In the aftermath, the French felt cheated and closed the coelacanth to non-French researchers until the islands became independent in the 1970’s. Four years after the “discovery” of the second coelacanth, Eric Hunt disappeared at sea after his schooner ran aground on the reefs of the Geyser Bank between the Comoros and Madagascar. He was never found. J.L.B. Smith wrote his account of the coelacanth story in the book “Old Fourlegs,” first published in 1956. His book, Sea Fishes of the Indian Ocean, meticulously illustrated and co-authored by his wife Margaret, remains the standard ichthyological reference for the region. In spite of the controversies that followed, he was content with his role in the fabulous s episodes. Smith died in 1968- a suicide after a long illness. Captain Hendrick Goosen passed away just after the fiftieth anniversary of the “discovery” of the coelacanth in 1988. Marjorie Courtenay-Latimer lived on in East London, the lone survivor of the greatest fish story ever told, until her death on May 17, 2004 at age 97!
Coelacanth – Second species in Indonesia
In 1997, Arnaz and Mark Erdmann were traveling on honeymoon in Indonesia and saw a strange fish entering the market at Manado Tua, on the island of Sulawesi. Arnaz Erdmann recognized it as a gombessa, but it was brown, not blue. (The Erdmanns did not realize this was a new species until an expert saw their photo on the web.) DNA testing revealed that this species, called rajah laut (‘King of the Sea’) by the Indonesians, is not related to the Comorian population. It was given the scientific name Latimeria menadoensis.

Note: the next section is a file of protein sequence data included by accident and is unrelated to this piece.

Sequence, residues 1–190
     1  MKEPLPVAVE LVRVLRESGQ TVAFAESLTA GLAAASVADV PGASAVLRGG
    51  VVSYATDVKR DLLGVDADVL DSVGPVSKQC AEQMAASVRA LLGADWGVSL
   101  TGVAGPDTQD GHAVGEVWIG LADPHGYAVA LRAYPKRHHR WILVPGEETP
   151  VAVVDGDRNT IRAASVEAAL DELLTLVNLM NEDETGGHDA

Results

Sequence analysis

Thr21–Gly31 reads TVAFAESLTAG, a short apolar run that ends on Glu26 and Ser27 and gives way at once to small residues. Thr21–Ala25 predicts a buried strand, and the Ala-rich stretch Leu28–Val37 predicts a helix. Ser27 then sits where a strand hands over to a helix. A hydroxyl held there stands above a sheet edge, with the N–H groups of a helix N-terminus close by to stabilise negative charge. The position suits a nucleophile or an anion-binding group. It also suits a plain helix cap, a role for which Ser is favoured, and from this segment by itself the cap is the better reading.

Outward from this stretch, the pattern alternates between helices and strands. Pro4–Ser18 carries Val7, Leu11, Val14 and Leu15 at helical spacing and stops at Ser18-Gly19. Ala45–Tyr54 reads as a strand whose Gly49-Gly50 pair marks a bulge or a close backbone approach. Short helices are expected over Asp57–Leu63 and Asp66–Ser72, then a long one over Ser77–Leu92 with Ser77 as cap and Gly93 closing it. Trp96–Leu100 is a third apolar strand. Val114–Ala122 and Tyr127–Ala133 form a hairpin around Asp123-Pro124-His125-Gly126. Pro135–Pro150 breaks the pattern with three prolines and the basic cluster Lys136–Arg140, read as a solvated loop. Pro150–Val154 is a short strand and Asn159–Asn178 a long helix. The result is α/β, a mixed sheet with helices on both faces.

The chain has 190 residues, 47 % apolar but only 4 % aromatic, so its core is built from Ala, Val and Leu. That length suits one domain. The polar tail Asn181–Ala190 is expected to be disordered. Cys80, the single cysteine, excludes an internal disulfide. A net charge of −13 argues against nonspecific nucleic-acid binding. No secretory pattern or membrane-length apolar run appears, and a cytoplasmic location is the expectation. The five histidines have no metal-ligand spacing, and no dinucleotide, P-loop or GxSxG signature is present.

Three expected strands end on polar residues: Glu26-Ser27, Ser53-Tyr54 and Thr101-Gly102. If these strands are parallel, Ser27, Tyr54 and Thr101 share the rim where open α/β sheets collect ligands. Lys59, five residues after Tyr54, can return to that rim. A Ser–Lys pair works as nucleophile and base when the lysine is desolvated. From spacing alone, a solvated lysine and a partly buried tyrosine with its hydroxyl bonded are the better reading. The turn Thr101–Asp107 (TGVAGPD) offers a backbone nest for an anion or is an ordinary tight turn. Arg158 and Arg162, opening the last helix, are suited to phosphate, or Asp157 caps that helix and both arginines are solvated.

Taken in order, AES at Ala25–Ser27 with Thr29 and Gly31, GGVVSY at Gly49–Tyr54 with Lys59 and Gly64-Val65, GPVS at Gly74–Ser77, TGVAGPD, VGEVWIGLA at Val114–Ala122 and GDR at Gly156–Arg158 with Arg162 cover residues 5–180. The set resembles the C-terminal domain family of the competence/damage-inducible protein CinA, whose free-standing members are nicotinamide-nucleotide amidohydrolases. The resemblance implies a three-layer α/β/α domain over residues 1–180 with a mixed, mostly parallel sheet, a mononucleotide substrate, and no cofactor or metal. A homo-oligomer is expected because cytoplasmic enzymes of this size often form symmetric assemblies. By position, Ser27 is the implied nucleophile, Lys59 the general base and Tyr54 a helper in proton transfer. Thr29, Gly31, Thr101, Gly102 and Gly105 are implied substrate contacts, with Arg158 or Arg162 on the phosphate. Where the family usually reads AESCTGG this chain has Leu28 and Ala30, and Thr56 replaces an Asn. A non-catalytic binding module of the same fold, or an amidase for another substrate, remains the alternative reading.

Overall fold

Coelacanth – St. Lucia Marine Protected Area in South Africa
In South Africa, the search continued on and off over the years. One diver, 46-year-old Riaan Bouwer, lost his life exploring for coelacanths in June 1998.
On October 28th, 2000, just south of the Mozambique border, in Sodwana Bay in the St. Lucia Marine Protected Area, three deep-water divers – Pieter Venter, Peter Timm and Etienne le Roux – made a dive to 104 metres and suddenly spotted a coelacanth. However, they were diving without cameras. The group vowed to return with photographic equipment.
Calling themselves SA Coelacanth Expedition 2000, the group returned, this time with several additional members. On November 26 they performed a first dive, but did not witness any coelacanths. The next day, four members of the group – Pieter Venter, Gilbert Gunn, Christo Serfontein and Dennis Harding – went down again. Moving from cavern to cavern, they found three coelacanths. The largest was between 1.5 and 1.8 metres long, the other two 1.2 metres and 1 metre. The fish swam heads down and appeared to be feeding off of ledges. The cameramen took video footage and photos. Then, however, disaster struck. Christo suddenly passed out under water, and 34-year-old Dennis Harding rose to the surface with him in an uncontrolled ascent. Harding complained of neck pains and died in the boat. Apparently, he had suffered a cerebral embolism. Christo recovered after being taken underwater for recompression.